An imposing block of red sandstone beyond the west end of West Princes Street Gardens, "The Caley" has grand Victorian decor, top-end hospitality and beautifully restored interiors. Built between 1898 and 1902 as the flagship hotel of the Caledonian Railway, the hotel still oozes old-school, slightly ostentatious charm with its new Waldorf Astoria hat on. Its Peacock Alley central lounge - formerly the station concourse, now a lovely indoor/outdoor atrium - is unique, and its two top-end restaurants, operated by the Michelin-starred Galvin brothers, are knockouts.
The hotel's elegant guest rooms are sumptuous and understated - perhaps a little too understated - although some have great views of the castle. The Carriage Queen rooms, which pay tribute to the building's railway heritage, have a lot more personality: every fixing, from the metalwork to the veneers, harks back to the Victorian railway carriages that would once have brought guests to the hotel's doorstep.
Bathrooms are the largest in the city, and come equipped with Salvatore Ferragamo bathing products.
The slightly underwhelming white lobby opens into the amazing Peacock Alley space, which brings the drama the lobby itself lacks. Staff are friendly and accommodating, but there can be a small element of stuffiness.
A reasonable-sized pool comes attached to the spa. Children under 16 have to be accompanied by adults.
The hotel boasts the UK's only Guerlain spa, and as you'd expect, it offers topnotch skincare treatments and a real sense of indulgence. There's also a steam room, sauna and whirlpool, and the whole vibe is so warm and relaxing its unsuprising that the spa regularly wins best luxury spa in the UK awards.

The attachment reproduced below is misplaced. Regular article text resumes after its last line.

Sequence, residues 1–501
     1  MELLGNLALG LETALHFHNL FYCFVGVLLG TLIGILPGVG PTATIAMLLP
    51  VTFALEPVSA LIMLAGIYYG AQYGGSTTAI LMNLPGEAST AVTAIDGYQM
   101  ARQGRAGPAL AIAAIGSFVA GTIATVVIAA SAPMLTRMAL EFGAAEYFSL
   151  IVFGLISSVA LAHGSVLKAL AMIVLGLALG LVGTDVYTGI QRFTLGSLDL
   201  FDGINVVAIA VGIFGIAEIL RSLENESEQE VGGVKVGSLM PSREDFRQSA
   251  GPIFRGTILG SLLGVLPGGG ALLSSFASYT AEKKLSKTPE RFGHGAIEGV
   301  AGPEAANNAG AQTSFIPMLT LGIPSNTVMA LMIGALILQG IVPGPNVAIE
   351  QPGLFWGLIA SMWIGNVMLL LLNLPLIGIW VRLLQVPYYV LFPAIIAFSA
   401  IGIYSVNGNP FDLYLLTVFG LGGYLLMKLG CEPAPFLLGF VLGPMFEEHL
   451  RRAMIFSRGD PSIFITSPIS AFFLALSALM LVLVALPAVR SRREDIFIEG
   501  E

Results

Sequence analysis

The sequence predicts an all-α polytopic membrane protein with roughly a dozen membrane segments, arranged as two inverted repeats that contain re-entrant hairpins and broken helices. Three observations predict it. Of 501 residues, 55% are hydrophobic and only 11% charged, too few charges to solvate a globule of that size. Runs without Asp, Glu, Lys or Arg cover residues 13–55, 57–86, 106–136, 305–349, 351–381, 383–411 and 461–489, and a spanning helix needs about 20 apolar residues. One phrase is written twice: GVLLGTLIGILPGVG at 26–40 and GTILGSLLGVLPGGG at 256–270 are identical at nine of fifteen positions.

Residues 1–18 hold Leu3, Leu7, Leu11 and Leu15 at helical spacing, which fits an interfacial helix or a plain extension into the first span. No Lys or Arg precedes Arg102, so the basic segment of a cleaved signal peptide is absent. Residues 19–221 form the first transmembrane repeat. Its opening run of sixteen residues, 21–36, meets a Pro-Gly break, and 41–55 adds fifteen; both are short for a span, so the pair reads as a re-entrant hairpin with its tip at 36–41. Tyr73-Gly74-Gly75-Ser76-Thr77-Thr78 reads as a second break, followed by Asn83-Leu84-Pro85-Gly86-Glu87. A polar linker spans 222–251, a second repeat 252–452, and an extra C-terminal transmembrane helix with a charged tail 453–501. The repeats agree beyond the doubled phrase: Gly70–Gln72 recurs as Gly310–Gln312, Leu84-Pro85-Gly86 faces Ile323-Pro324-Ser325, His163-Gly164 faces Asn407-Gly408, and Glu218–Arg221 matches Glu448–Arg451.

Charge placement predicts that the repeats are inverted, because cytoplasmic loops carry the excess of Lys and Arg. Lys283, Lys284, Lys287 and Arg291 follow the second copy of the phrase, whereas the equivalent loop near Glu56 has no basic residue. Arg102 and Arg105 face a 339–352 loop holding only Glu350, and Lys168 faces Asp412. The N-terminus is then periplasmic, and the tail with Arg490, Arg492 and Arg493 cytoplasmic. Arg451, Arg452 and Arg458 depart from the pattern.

The hotel has a fully-appointed fitness center, with exercise machines, weights, and personal training sessions available on request.
A smashing offer: a standout breakfast with some lovely touches - guests spoon out their honey from a honeycomb, for example - plus two brilliant restaurants, the extremely fancy (and delicious) La Pomadour by Galvin and the Parisian-style, more informal Galvin Brasserie de Luxe.
Try the afternoon tea for the full Caley experience, gorgeous cakes served in the unusual grandeur of Peacock Alley. Sandwiches are global - try po'boys from Louisiana, the US - and the Irn Bru scones (extremely Scottish) are worth a try too for novelty value alone.
The Caley Bar opens in the afternoon/evenings and is a convivial spot, with Oriental Express-style decor and a range of whiskies, cocktails, champagnes and other drinks.
YOU SHOULD KNOW Some guests have reported waiting for a while to be served in Peacock Alley, although on our visit this wasn't an issue.
The hotel is located at one end of Princes Street, close to stylish George Street, good shopping, and Princes Street Gardens. At the same time, Edinburgh Castle and the Royal Mile are only a short walk away (15 minutes).
Teuchters (5-minute walk) is a relaxed bar and bistro offering Scottish classics (haggis, neeps and tatties, anyone?), or La Piazza (4-minute walk) is a good traditional Italian.
Hip bar Panda & Sons (8-minute walk) is worth a visit for its cocktails and atmosphere. Or, for gin fans, the hotel is basically next door to the Edinburgh Gin Distillery (1-minute walk), where you can take a tour, watch gin being made, learn about its history and round things off, of course, with a G&T.
WHY WE LIKE IT
Old-fashioned swankiness in a building with spades of history. The Caley is a must for railway fans, and a great option for others on the hunt for a treat, thanks to its central location, sense of occasion, great spa and good restaurants.